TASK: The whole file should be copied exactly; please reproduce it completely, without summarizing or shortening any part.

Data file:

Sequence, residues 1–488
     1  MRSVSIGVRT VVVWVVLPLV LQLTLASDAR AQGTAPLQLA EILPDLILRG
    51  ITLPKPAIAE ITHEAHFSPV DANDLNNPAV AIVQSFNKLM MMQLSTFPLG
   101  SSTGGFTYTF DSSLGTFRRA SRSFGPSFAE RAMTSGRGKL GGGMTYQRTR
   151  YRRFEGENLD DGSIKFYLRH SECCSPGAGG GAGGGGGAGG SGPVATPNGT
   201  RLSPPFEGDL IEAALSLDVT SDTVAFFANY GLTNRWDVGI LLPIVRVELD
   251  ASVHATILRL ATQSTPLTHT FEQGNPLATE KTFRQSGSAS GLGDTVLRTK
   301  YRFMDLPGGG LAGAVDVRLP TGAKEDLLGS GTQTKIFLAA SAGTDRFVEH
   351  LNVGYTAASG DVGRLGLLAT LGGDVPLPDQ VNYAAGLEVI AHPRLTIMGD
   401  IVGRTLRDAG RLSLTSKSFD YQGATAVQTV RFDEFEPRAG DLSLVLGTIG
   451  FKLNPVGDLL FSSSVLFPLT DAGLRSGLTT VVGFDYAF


Sequence, residues 1–488
     1  MRSVSIGVRT VVVWVVLPLV LQLTLASDAR AQGTAPLQLA EILPDLILRG
    51  ITLPKPAIAE ITHEAHFSPV DANDLNNPAV AIVQSFNKLM MMQLSTFPLG
   101  SSTGGFTYTF DSSLGTFRRA SRSFGPSFAE RAMTSGRGKL GGGMTYQRTR
   151  YRRFEGENLD DGSIKFYLRH SECCSPGAGG GAGGGGGAGG SGPVATPNGT
   201  RLSPPFEGDL IEAALSLDVT SDTVAFFANY GLTNRWDVGI LLPIVRVELD
   251  ASVHATILRL ATQSTPLTHT FEQGNPLATE KTFRQSGSAS GLGDTVLRTK
   301  YRFMDLPGGG LAGAVDVRLP TGAKEDLLGS GTQTKIFLAA SAGTDRFVEH
   351  LNVGYTAASG DVGRLGLLAT LGGDVPLPDQ VNYAAGLEVI AHPRLTIMGD
   401  IVGRTLRDAG RLSLTSKSFD YQGATAVQTV RFDEFEPRAG DLSLVLGTIG
   451  FKLNPVGDLL FSSSVLFPLT DAGLRSGLTT VVGFDYAF